Seven thousand Central American migrants are traveling toward the United States. President Trump wants Mexico to stop them. “I must, in the strongest of terms, ask Mexico to stop this onslaught.” Trump tweeted on October 18, when the “caravan” of mainly Honduran, El Salvadoran, Guatemalan, and Nicaraguan migrants arrived at the Suchiate River on Mexico’s southern border. “Sadly, it looks like Mexico’s Police and Military are unable to stop the Caravan heading to the Southern Border of the United States. Criminals and unknown Middle Easterners are mixed in,” he tweeted on Monday.

Trump has often suggested Mexico should help the U.S. halt Central American migration. In early September, the Trump administration announced that it would give $20 million for bus and airplane fare to deport 17,000 undocumented Central Americans from Mexico. (Mexico refused the funds.) Last week, Trump revived a request that Mexico agree to a law similar to the European Union’s policy that migrants apply for asylum in the first “safe” country they arrive in: Central Americans bound for the United States would have to seek asylum in Mexico instead, although violence there is at an all-time high.  

In reality, Mexico has been serving as the United States’ militarized buffer zone for some time—in no small part due to concerted efforts by U.S. administrations. Since 2014, the United States has spent nearly $200 million expanding a deportation regime in Mexico that has expelled over 600,000 migrants, mostly to the Northern Triangle countries—Guatemala, Honduras, and El Salvador—but also to South America, Africa, and Central Asia. The arrangement has allowed both the Trump and Obama administrations to outsource their dirtiest work onto Mexico, deploying U.S. immigration officials and U.S. equipment throughout the country to help carry it out.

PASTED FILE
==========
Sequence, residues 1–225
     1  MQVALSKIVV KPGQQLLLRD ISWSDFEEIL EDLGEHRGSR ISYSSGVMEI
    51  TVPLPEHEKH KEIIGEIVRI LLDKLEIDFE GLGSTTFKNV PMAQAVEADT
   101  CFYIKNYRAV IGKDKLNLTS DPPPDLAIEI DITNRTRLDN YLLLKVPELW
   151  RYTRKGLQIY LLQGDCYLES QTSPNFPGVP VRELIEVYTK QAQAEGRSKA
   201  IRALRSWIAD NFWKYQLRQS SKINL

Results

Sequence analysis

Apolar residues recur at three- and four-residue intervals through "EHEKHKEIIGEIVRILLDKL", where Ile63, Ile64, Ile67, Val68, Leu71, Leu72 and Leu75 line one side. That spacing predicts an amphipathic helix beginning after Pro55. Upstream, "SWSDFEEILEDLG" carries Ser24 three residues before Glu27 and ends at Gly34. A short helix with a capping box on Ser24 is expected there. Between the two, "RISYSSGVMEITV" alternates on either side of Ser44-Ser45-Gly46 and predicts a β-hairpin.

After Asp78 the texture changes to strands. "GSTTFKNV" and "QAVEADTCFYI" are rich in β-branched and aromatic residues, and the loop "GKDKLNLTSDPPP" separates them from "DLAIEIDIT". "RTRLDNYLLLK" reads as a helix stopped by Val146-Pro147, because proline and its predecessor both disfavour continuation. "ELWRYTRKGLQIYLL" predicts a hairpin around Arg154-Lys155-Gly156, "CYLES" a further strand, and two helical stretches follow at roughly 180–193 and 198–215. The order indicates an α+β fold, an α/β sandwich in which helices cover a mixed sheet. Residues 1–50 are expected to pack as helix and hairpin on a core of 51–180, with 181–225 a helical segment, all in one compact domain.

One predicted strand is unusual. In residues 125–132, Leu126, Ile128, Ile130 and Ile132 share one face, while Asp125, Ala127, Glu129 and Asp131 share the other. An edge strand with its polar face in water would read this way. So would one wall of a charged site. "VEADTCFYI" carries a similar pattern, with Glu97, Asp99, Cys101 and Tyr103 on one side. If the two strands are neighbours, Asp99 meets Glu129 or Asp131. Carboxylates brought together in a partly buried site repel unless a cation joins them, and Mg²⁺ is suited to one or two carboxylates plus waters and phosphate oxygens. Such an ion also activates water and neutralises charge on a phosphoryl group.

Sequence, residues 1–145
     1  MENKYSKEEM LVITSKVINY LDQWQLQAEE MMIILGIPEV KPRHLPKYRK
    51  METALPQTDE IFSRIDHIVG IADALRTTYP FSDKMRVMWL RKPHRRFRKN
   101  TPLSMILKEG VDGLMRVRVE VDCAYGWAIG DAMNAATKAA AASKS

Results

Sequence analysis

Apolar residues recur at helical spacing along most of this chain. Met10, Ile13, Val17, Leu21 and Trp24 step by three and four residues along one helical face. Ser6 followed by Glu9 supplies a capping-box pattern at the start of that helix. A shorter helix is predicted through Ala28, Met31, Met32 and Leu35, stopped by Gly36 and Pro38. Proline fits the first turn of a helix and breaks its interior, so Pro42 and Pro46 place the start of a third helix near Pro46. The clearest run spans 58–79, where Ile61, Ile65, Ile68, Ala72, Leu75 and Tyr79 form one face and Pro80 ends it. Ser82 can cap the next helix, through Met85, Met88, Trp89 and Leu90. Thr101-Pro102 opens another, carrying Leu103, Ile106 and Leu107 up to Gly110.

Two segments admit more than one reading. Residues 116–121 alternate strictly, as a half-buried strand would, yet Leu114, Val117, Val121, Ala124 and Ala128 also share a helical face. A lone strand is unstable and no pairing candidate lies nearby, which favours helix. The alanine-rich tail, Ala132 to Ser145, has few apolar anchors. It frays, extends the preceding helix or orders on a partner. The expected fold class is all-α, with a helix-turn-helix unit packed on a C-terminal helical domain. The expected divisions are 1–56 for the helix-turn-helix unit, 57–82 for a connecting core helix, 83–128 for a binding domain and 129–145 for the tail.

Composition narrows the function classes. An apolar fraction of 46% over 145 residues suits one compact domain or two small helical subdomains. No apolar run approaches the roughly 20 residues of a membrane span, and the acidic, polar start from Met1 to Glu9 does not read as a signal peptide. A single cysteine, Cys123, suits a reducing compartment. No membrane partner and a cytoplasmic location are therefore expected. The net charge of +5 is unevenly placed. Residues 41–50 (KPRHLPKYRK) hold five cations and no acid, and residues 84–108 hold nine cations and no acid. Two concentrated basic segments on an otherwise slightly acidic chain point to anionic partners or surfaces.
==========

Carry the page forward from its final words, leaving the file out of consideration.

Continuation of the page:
Mexico’s transformation into a full-fledged deportation state began in the summer of 2014. A large number of unaccompanied Central American children—over 68,000 in twelve months—arrived on the U.S.-Mexico border—and the Obama administration moved swiftly with Mexico’s President Enrique Peña Nieto to approve a $100 million plan, known as the Programa Frontera Sur, that would protect “the safety and rights” of Central American migrants and secure Mexico’s southern border with Guatemala. “Both governments deny that the U.S. leaned on Mexico to crack down,” said Adam Isaacson, a Mexico security expert at the Washington Office on Latin America (WOLA), but “in our view, it’s completely what happened.”